Just couldn’t pass the drumsticks
My buddy Cletus and I were rolling down old U.S. 441, headed south after a week-long mountain-trout excursion. We were immersed in intellectual repartee.
“So,” I said, “You remember back years ago when they came out with those commemorative Elvis whiskey decanters? I found that very irreverent? I mean, Elvis’s mama probably turned over in her grave knowing her boy’s memory was being celebrated by the graven image of a Jim Beam liquor bottle. Helluva way to treat a king, I thought.”
“I know,” Clete replied. “Mentally disturbing, too. Heck, I had to pour mine into a fruit jar. Couldn’t bring myself to twist off the King’s head and drink from his neck. Plumb gave me nightmares to think about it.”
“I still have my bottle,” I said.
“Me, too,” said Clete. “Can’t find the head, though. Dang cat musta rolled it under the couch.”
It’s a pretty long drive back from the north Georgia mountains. Intellectual repartee bottoms out rather quickly after awhile. Just outside Commerce, I cut the discussion short by slamming on brakes.
There was an overturned semi in the road and, excepting two police cars, ours was the first vehicle on the scene. The truck and its flatbed trailer were on their sides, spanning the highway and both ditches. The driver stood on the shoulder, unscathed. There were no injuries.
Wait. Scratch that. About four dozen white chickens, part of the flatbed’s cargo, lay dead on the pavement. As nearly as I could estimate, there were about 14 billion survivors. And they were everywhere. Chickens in the road, chickens in the ditches, chickens up and down a nearby railroad track. There were at least a hundred in a woman’s yard placidly scratching in her caladium beds while she simultaneously attacked them with a broom. Funny how quickly chickens recover from trauma and get on with their daily lives.
I realize, of course, there’s nothing funny about a wreck. However, a horde of suddenly released chickens on a quiet Sunday morning in Commerce, Ga. is another matter altogether. Think about it. A lady in housecoat and curlers has declared war on an “army” of invading poultry. A poor truck driver is forlornly contemplating interrupting his boss’s Sunday (chicken?) dinner to tell him his truck and his chickens aren’t quite in the same shape as when he last saw them. Four small-town cops, who were expecting their usual light Sunday-morning duty, are suddenly dealing with a chicken deluge, a blocked highway, and miles of backed-up traffic.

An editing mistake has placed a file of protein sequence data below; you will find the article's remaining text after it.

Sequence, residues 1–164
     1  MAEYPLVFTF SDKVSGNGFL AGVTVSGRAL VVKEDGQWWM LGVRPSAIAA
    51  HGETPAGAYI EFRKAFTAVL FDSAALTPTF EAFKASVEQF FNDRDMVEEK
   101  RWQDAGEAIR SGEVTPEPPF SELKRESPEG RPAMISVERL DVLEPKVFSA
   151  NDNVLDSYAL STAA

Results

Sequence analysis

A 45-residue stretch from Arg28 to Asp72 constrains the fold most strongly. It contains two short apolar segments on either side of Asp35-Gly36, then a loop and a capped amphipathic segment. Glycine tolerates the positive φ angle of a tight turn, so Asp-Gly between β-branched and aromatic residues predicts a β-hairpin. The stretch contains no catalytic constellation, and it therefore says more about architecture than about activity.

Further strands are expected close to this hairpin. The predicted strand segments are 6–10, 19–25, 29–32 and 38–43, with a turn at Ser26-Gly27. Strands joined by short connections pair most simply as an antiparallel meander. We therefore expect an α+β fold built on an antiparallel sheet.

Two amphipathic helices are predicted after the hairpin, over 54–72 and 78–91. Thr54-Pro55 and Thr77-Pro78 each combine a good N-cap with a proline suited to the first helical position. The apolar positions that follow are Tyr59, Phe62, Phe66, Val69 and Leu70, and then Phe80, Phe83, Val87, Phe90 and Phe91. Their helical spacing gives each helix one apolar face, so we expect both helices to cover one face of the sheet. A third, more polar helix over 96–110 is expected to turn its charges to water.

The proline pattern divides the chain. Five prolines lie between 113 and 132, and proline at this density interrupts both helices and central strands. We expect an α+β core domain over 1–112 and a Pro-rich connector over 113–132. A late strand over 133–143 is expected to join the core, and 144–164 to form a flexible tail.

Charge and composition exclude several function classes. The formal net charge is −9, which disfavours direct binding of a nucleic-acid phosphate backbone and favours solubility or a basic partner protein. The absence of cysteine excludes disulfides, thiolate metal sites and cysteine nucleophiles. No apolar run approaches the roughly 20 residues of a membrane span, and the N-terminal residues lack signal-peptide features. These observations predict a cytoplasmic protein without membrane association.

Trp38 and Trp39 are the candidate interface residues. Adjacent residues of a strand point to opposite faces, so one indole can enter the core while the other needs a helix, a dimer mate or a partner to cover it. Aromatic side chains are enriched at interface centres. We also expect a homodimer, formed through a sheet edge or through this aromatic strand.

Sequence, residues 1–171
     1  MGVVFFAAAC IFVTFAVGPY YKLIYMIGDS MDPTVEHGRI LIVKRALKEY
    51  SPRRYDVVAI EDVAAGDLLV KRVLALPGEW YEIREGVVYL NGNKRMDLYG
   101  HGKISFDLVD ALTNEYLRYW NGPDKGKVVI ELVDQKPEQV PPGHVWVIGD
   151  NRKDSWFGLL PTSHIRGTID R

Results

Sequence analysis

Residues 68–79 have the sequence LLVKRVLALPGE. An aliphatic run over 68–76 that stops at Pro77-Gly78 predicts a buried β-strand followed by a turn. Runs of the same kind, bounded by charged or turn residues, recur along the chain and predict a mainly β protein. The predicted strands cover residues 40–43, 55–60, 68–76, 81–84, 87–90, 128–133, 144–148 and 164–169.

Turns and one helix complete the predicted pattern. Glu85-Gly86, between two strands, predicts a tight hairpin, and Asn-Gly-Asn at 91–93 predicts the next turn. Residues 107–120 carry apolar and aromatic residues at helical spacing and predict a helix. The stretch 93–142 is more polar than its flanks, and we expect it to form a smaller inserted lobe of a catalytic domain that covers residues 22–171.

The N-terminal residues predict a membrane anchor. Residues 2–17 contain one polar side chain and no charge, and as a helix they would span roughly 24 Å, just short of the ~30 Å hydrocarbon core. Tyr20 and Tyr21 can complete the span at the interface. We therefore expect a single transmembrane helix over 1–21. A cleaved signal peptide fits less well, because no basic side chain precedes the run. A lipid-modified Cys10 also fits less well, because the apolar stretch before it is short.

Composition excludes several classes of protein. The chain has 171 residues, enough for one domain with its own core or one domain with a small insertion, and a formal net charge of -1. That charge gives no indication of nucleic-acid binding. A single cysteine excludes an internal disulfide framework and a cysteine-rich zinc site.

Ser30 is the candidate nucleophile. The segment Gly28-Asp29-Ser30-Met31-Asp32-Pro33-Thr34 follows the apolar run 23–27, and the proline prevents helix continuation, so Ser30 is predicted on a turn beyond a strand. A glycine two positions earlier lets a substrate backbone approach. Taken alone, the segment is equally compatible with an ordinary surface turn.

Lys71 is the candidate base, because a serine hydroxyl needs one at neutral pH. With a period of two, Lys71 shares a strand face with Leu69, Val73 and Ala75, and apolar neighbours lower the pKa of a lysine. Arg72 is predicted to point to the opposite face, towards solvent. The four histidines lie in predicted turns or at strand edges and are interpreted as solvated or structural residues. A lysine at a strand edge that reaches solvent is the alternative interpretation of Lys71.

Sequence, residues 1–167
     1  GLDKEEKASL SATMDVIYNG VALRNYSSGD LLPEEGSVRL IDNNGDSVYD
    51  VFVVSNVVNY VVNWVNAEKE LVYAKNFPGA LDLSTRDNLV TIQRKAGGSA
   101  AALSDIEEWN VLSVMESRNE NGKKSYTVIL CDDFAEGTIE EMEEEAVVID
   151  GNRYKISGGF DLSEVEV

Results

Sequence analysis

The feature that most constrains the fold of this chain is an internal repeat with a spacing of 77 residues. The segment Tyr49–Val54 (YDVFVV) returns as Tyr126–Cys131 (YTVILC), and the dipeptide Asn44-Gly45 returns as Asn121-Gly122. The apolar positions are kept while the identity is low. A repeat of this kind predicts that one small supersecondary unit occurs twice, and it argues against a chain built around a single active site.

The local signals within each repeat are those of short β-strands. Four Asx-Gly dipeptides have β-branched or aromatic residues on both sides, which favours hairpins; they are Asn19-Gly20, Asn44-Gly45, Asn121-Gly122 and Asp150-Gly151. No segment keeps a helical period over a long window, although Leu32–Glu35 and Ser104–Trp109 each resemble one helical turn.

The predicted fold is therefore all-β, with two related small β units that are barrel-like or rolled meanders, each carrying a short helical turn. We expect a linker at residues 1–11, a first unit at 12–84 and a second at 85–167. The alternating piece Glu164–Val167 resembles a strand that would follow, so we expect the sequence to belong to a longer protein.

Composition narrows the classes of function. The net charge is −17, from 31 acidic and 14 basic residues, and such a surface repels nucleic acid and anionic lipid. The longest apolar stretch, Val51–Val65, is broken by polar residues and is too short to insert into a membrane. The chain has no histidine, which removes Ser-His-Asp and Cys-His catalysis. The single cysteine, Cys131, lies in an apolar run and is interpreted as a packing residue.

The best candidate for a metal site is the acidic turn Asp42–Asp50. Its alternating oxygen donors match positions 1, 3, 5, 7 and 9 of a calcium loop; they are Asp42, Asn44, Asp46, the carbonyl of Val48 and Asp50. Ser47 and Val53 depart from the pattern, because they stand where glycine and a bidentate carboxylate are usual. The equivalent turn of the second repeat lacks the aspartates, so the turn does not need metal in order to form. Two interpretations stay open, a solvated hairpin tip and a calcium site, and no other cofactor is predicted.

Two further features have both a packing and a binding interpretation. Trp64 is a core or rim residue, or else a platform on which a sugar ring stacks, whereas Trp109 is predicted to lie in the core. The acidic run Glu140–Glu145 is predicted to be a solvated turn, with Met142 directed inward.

Say what you will. That’s funny. To two involved parties, at least.
Clete and I began laughing hysterically and couldn’t stop. We couldn’t help it, especially after witnessing three of the loose chickens fly up and perch on the light bar atop one of the patrol cars. Tears flowed from my eyes and Clete slobbered like a rabid coon. The icy stares of the policemen indicated they didn’t share our jocular attitude.
“Boys,” one said, “I don’t wanna sound too harsh, but y’all are findin’ this situation way too amusin’. I ‘spect, soon as we get a way cleared on the other side of that ditch, y’all better be the first ones outa here.”
I nodded in reply and managed to calm down a bit. I didn’t think excessive laughter was grounds for arrest, but the cop’s face told me at that moment I might just be mistaken. That and the fact one hand was awfully close to the butt of his .38 and the other was clenched, white-knuckled, on my truck’s door handle. My thought of asking him his opinion of Elvis liquor bottles quickly vanished.
Eventually, we were routed around the scene and back on the road. Feeling a little remorseful over our recent flippant and unsympathetic behavior, we drove solemnly and pensively southward. In Madison I suggested stopping for lunch.
“Sounds good,” said Clete.
“Where?” I asked.
“Don’t matter,” he replied. (A little devil hopped upon my shoulder.)
“Only one appropriate place,” I concluded with a sideways glance at my pal.
I ordered “Original Recipe” and Clete got “Extra Crispy.”
If Colonel Sanders doesn’t intercede on our behalf, we might have to answer for that come judgment day.
Email Albany Herald outdoors columnist Bob Kornegay at Cletus@windstream.com.